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Comment: Conditions of admission vs. copyright (Score 1) 58

by tepples (#47764091) Attached to: Amazon To Buy Twitch For $970 Million
Privately recorded videos fall under the conditions of the ticket granting admission to said insignificant local games. If said conditions include an assignment of copyright in any privately recorded video to the league, it could produce the situation you describe. But such conditions would not apply to, say, recording your kids playing soccer at a public park because nobody owns the exclusive rights to the sport of soccer itself. A video game publisher's copyright is different because it affects your ability to broadcast game play even if you start your own league or even if the match is not associated with a league at all.

Comment: Re:C Needs Bounds Checking (Score 2) 83

by TheRaven64 (#47763563) Attached to: Project Zero Exploits 'Unexploitable' Glibc Bug
It is possible, but for good performance it needs hardware support. We've implemented hardware-enforced bounds checking for C code using our processor. If you only care about accidental bugs and not about a malicious attacker, and don't use threads (or are happy to bound every pointer store with a transactional region), and don't mind that the semantics of C are subtly broken in the kinds of permitted pointer operations, then Intel's Memory Protection Extensions will do the same thing.

Comment: Re:microsofties here is your chance to party (Score 2) 83

by TheRaven64 (#47763559) Attached to: Project Zero Exploits 'Unexploitable' Glibc Bug
The OpenBSD philosophy says that the difference between a bug and a vulnerability is the intelligence of the attacker. There are lots of categories of bugs (null pointer dereferences, integer overflows) that were thought to be unexploitable, right up until someone exploited them. It's the same as with cryptosystems: the fact that you can't break your encryption algorithm doesn't mean that it's secure.

Comment: Re:Progress (Score 1) 261

by TheRaven64 (#47763525) Attached to: Seagate Ships First 8 Terabyte Hard Drive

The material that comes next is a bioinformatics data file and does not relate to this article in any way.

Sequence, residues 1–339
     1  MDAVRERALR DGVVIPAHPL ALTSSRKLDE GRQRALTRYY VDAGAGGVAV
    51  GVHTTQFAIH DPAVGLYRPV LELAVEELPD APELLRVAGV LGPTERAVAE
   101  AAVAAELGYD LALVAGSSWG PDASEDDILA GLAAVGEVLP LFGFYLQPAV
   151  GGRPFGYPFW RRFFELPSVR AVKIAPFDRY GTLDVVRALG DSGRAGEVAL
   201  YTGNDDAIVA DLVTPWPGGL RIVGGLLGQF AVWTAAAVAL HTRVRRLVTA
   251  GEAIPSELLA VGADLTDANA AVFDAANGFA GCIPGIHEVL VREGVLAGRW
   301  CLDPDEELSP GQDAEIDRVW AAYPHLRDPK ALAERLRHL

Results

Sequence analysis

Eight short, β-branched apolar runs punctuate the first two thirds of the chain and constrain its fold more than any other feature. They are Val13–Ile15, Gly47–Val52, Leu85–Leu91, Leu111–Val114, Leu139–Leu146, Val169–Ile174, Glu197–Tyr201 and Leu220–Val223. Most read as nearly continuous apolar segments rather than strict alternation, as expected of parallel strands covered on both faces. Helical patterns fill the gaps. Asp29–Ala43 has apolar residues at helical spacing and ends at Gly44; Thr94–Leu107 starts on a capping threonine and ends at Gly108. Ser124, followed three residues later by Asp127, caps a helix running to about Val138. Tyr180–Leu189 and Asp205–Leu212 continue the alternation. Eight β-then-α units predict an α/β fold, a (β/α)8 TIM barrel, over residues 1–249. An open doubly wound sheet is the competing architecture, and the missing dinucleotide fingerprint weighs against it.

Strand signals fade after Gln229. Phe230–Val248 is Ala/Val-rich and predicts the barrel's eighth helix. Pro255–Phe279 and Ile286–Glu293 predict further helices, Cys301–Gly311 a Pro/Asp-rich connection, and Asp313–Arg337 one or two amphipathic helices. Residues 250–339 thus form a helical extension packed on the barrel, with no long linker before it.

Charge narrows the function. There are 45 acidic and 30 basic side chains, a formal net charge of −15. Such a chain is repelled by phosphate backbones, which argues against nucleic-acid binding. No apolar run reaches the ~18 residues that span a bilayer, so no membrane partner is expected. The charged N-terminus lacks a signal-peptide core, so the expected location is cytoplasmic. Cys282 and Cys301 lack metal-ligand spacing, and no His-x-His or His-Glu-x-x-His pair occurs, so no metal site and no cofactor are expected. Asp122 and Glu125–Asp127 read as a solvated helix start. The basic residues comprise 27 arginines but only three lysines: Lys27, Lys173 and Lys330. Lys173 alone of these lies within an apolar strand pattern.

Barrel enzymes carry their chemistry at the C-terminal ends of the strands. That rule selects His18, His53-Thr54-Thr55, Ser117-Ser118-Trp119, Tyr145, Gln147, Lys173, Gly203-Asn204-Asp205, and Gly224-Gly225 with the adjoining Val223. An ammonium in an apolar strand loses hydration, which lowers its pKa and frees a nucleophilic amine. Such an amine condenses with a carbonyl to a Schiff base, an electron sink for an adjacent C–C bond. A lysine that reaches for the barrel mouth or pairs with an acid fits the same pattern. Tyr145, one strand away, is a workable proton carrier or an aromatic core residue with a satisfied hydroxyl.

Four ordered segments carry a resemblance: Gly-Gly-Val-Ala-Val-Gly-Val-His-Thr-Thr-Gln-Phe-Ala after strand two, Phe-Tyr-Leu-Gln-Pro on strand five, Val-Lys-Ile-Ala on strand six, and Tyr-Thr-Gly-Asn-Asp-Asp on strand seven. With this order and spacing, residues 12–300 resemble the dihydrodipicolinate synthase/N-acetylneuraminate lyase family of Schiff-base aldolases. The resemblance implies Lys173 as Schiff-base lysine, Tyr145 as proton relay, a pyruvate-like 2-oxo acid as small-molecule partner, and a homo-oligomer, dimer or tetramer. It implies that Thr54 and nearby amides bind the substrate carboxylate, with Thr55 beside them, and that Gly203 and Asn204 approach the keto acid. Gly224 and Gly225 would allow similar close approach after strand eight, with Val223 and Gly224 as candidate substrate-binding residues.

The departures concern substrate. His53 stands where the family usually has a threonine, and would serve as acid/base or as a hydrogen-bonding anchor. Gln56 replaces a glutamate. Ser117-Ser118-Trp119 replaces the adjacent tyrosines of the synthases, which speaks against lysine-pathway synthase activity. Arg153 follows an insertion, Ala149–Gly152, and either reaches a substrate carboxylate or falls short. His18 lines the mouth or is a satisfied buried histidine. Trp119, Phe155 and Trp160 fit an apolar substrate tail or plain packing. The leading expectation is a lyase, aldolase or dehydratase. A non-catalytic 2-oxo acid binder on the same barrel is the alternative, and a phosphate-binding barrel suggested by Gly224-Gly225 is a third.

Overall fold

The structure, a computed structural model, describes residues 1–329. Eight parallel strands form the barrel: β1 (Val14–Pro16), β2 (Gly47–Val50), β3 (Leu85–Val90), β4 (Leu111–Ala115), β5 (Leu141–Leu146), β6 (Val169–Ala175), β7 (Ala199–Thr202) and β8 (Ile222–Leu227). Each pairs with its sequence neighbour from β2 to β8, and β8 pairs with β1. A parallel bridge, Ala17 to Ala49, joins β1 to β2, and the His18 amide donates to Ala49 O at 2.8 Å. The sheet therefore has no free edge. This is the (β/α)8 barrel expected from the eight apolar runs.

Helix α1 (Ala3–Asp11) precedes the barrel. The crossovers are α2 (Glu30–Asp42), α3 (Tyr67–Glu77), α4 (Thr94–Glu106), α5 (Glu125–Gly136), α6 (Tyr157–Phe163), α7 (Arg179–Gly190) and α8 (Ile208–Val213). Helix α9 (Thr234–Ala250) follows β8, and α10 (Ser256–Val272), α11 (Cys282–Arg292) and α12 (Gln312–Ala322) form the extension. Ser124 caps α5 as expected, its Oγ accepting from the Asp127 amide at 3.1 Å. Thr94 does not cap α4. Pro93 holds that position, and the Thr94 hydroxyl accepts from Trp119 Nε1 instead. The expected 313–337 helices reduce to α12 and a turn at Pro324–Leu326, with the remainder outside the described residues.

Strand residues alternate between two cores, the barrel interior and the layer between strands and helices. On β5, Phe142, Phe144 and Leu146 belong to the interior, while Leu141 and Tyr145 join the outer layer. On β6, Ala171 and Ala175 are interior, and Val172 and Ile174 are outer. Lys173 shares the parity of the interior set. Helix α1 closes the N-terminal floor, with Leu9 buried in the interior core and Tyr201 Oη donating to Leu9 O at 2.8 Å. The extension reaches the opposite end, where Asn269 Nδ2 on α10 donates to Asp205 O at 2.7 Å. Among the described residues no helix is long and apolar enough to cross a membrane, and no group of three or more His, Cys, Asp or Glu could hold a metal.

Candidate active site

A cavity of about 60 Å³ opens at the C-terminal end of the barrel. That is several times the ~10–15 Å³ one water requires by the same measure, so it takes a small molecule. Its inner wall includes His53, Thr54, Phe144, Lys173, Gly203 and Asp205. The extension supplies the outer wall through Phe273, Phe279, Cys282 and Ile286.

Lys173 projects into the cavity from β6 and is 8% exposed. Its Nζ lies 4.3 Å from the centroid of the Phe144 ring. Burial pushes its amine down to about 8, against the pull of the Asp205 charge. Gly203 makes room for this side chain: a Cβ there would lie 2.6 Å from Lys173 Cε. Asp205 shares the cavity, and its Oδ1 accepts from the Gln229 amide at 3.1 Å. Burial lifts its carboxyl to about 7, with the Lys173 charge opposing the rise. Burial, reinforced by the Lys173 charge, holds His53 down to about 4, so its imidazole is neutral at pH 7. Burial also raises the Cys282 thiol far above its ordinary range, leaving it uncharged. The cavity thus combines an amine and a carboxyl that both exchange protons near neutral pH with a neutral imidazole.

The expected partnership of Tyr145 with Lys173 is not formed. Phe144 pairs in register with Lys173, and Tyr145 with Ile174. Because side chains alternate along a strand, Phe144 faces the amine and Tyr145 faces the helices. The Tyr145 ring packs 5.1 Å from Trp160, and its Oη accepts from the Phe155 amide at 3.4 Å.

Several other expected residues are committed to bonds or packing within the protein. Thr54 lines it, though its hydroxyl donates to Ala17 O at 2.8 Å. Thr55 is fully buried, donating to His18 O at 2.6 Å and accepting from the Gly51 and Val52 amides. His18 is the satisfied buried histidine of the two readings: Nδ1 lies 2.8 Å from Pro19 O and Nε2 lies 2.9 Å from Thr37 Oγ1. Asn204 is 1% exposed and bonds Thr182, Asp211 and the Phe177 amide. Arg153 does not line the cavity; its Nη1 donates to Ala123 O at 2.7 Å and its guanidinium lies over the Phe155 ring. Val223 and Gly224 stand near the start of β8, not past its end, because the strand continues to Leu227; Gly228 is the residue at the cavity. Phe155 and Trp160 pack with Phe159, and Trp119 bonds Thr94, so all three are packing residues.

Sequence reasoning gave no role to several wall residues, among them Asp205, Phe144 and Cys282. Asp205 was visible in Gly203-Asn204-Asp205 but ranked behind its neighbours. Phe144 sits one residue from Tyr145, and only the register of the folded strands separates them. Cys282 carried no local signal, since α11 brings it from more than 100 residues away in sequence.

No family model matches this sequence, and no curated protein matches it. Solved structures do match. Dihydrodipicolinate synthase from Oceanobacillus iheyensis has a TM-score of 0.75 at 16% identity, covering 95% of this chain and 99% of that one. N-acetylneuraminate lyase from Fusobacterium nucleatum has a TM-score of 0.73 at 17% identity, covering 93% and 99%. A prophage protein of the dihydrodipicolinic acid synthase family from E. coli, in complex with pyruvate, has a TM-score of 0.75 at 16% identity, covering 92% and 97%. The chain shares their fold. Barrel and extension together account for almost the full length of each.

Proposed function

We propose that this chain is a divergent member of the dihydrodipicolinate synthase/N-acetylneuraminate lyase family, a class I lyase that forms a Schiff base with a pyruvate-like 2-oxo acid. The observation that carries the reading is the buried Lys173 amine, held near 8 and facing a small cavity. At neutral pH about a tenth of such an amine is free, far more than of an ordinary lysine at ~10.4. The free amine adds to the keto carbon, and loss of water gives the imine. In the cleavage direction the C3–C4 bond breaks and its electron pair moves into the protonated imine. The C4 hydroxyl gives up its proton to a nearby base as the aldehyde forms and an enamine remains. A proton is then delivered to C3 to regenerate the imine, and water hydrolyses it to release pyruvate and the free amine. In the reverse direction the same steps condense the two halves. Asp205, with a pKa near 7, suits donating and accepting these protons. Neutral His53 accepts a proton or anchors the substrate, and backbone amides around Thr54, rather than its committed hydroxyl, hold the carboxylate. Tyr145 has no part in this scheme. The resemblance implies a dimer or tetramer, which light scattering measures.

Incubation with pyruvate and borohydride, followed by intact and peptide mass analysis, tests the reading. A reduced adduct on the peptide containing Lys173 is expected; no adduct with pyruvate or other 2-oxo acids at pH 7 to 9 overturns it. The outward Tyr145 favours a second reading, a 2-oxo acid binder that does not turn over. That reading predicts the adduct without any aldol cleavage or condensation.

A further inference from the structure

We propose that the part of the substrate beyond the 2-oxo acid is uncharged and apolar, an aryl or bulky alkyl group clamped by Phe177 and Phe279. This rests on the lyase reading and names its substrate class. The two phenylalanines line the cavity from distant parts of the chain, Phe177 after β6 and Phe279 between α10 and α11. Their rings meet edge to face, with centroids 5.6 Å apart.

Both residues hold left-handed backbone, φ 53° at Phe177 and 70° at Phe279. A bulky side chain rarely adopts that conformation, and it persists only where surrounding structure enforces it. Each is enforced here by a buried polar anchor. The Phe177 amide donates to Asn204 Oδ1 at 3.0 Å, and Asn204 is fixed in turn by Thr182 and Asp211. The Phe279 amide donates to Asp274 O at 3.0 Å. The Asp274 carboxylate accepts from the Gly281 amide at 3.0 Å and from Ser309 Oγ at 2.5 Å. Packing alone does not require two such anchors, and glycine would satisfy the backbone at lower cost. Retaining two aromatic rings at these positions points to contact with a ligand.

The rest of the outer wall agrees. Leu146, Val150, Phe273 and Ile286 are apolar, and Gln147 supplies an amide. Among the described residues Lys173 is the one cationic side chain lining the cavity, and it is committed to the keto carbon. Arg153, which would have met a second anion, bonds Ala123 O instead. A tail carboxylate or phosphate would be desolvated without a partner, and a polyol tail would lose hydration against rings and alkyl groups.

Your laptop has to be on the same network as your backup machine, but even backing up my laptop over WiFi only takes a couple hours for an incremental backup. I don't have to leave it doing nothing, I just need to leave it on. If I haven't backed up for a while, I might leave it doing the backup overnight, but most of the time I run the backup while I'm working.

Comment: Re:Progress (Score 1) 261

by TheRaven64 (#47763517) Attached to: Seagate Ships First 8 Terabyte Hard Drive
I bought 3 2TB disks just before the flood. About a month ago, they finally became cheaper than I paid. I'd been planning on swapping them out for 4TB disks after 2-3 years, but the 4TB ones are still 50% more than I paid for the 2TB disks. At this rate, 4TB flash will hit the £50 mark before 4TB hard disks...

Comment: Re:Can we get a tape drive to back this up? (Score 1) 261

by TheRaven64 (#47763501) Attached to: Seagate Ships First 8 Terabyte Hard Drive
The difference in cost between tapes and disks hasn't changed much, but the difference in cost of the tape drives to disk drives has changed hugely. You used to be able to get a tape and a drive for only a little bit more than the cost of the disk it would back up. It made sense to use tapes for backups then, because you could afford one tape for the same cost as a backup disk and add new tapes for very little money. Now, if you buy a disk at the sweet spot for price, the tape drive that can back it up to a single tape will cost you about an order of magnitude more than the disk drive. At that point, unless you want a lot more than 10 backups per disk, it isn't worth it.

Comment: Re: Switched double speed half capacity, realistic (Score 1) 261

by TheRaven64 (#47763475) Attached to: Seagate Ships First 8 Terabyte Hard Drive
That's not necessarily true. You can get the same amount of space in a smaller number of tracks around the edge of the disk, so the horizontal movement for the largest seek is going to be smaller. Seek times on mechanical disks are based on three factors. The first two are related: the time it takes to move the head between tracks (proportional to its distance) and the time it takes for the head to settle and be able to be lowered again (dependent on its speed). The third is the time it takes for the correct sector on the track to spin under the head. In the middle, you have fewer sectors per track, so you need to move the head more often (this is where the upper bound on seek times comes from).

Comment: RAID (Score 1) 261

by tepples (#47762485) Attached to: Seagate Ships First 8 Terabyte Hard Drive

Say you have an 8TB drive with 6 platters - the option could be to pair up the platters and write alternate bytes to each, doubling sustained read and write

That would require the head to be right over both tracks at the right moment. I'm not sure the heads are physically aligned that precisely. Or are you suggesting to separate the head assemblies for the top 3 and bottom 3 platters and do RAID 0 in a box?

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